Thousands Attend Nuclear Power Protest in Tokyo Japan Ahead of Fukushima Anniversary


1394361888429.jpg-620x349Tens of thousands of citizens have turned out for an anti-nuclear rally in the Japanese capital, as the nation prepares to mark the third anniversary of the Fukushima disaster.

Demonstrators congregated at Hibiya Park, close to central government buildings, before marching around the national parliament.

They gathered to voice their anger at the nuclear industry and the government of Prime Minister Shinzo Abe, who has called for resumption of nuclear reactors to power the world’s third largest economy.

“I felt it’s important that we continue to raise our voice whenever possible,” said Yasuro Kawai, a 66-year-old businessman from Chiba prefecture, east of Tokyo.


“Today, there is no electricity flowing in Japan that is made at nuclear plants. If we continue this zero nuclear status and if we make efforts to promote renewable energy and invest in energy saving technology, I think it’s possible to live without nuclear,” Mr Kawai said.

This week, Japan will mark the anniversary of the deadly 9.0-magnitude earthquake that hit the northern region on March 11, 2011, that prompted a killer tsunami that swept the northern Pacific coastline.

The natural disasters killed 15,884 people and left 2636 people still unaccounted for. Huge waves swamped cooling systems of the Fukushima plant, which went through reactor meltdowns and explosions that spewed radioactive materials to the vast farm region.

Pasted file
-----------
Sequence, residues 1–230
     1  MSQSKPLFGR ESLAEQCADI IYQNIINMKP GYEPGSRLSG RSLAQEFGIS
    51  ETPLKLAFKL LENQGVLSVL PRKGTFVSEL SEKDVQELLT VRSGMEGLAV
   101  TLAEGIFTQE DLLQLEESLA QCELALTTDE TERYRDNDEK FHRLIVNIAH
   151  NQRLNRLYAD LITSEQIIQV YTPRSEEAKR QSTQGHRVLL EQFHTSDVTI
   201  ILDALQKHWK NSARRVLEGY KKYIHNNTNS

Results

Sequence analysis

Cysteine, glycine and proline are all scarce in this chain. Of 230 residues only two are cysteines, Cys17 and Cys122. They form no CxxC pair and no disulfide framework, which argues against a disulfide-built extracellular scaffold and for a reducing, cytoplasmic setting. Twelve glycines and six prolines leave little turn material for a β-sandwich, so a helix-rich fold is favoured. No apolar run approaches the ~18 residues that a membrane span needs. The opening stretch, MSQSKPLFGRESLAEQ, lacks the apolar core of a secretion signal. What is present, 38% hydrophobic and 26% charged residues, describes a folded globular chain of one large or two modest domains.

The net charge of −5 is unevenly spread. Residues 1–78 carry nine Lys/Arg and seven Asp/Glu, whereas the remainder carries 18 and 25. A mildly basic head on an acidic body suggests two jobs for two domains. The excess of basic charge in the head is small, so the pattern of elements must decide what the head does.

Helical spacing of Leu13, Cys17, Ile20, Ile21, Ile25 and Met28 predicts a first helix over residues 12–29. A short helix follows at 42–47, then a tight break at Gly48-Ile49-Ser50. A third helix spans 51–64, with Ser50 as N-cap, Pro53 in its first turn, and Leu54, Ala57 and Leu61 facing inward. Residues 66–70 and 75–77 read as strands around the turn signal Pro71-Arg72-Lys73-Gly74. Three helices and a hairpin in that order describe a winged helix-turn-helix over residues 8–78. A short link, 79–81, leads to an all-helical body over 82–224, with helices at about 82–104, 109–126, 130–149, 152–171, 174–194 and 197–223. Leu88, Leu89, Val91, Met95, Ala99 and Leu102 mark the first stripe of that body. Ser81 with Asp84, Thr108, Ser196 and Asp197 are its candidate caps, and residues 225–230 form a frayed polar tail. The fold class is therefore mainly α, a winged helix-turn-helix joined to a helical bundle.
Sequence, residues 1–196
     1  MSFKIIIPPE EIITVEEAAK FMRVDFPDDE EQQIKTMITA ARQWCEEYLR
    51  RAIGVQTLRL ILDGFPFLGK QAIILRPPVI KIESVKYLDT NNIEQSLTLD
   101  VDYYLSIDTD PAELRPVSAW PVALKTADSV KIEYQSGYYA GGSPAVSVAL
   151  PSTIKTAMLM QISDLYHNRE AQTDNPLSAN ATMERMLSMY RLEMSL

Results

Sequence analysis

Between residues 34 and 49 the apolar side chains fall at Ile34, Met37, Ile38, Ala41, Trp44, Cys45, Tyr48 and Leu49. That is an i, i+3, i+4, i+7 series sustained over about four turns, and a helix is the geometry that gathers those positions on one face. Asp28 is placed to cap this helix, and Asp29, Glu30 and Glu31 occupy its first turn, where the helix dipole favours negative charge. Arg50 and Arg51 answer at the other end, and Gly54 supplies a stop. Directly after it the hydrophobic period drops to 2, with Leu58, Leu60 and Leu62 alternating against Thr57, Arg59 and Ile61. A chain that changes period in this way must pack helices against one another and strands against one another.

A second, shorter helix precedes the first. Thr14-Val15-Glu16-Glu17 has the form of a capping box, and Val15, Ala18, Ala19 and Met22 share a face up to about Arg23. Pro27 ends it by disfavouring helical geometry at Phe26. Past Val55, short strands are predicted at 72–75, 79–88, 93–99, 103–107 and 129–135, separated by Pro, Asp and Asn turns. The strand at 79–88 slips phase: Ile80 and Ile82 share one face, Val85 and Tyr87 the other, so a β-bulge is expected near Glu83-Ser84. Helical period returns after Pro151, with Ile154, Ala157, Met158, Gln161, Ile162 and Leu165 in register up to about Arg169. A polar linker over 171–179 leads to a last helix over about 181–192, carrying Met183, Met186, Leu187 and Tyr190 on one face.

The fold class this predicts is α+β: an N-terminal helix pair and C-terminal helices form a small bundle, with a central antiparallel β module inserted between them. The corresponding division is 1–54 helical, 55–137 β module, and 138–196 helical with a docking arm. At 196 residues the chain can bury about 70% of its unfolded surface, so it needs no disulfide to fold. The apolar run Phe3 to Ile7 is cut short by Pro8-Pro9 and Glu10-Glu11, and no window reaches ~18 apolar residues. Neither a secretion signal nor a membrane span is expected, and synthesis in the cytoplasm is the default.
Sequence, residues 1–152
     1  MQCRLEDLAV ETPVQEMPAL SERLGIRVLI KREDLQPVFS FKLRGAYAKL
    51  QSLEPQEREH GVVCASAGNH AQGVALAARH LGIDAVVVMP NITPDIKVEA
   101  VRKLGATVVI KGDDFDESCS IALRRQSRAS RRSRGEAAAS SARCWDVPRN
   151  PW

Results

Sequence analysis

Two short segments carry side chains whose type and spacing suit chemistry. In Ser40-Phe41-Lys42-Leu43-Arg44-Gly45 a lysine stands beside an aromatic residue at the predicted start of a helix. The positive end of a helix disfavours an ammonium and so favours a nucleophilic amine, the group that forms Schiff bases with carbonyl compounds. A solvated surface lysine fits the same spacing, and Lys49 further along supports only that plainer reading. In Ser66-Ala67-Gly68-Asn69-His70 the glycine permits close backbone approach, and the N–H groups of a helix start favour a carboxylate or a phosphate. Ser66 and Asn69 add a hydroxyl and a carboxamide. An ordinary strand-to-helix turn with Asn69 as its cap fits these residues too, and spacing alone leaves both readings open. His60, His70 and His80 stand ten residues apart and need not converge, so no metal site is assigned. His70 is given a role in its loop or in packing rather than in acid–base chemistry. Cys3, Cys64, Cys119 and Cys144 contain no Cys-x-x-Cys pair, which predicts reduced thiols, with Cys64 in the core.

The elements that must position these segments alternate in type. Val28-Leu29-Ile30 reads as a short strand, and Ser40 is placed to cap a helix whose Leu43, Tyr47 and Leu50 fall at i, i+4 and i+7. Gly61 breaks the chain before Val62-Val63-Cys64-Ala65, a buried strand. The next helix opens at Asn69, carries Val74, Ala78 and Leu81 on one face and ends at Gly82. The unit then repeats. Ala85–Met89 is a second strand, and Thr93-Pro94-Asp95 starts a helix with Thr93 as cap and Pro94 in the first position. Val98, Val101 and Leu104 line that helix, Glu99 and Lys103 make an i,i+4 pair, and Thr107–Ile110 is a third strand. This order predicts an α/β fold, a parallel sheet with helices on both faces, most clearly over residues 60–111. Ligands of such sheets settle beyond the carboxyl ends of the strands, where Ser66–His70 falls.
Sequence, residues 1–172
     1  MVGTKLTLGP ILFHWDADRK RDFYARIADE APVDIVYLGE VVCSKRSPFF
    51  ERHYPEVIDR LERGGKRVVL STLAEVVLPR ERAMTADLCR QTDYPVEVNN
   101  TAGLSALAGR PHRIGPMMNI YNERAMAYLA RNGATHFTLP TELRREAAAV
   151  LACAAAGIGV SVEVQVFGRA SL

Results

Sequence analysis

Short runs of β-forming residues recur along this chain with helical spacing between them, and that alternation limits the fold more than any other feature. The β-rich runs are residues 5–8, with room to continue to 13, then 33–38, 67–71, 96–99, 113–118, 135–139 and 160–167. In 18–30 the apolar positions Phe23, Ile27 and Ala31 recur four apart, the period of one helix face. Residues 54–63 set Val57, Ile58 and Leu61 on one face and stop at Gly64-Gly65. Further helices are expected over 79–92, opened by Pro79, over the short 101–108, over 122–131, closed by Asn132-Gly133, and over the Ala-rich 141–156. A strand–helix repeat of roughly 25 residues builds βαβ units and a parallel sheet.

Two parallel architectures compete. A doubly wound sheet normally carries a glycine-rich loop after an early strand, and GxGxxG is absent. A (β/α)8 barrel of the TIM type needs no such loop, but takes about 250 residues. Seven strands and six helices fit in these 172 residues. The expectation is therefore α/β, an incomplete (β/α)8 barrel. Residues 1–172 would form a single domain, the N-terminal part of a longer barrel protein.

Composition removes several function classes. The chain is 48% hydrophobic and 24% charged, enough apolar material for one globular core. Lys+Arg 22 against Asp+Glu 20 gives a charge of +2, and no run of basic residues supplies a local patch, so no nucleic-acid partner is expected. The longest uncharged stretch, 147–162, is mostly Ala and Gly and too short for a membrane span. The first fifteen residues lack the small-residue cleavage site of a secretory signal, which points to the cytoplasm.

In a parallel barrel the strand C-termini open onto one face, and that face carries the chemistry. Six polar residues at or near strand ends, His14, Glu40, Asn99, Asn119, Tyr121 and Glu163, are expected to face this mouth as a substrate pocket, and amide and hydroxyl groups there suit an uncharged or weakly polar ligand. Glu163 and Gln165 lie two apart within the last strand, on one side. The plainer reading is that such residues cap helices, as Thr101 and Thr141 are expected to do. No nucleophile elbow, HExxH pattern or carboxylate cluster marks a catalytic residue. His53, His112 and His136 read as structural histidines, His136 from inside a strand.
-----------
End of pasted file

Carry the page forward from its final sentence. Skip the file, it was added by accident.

1185389_294216340731935_1870237828_nThe plant remains volatile and engineers say it will take four decades to dismantle the crippled reactors. Protesters in Tokyo stressed that Japan can live without nuclear power as it has done so for many months while all of the nation’s 50 commercial nuclear reactors have remained offline due to tense public opposition to restarting them.

As the night approached, the rain kept falling and temperature’s dropped, yet people still out in front of the Presidential Office.

1901369_642299805836748_1988131977_nMusicians performed using electricity generated by huge solar panels at the park, while dozens of merchants promoted products made in the tsunami-hit region.

The rally featured stars like composer Ryuichi Sakamoto, who played music he created three years ago to mourn the victims of the disasters.

Although no one died as a direct result of the atomic accident, at least 1656 Fukushima residents died due to complications related to stress and other conditions.

“The Fukushima accident continues today,” Sakamoto told the audience.

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Sky Lee Peopo News

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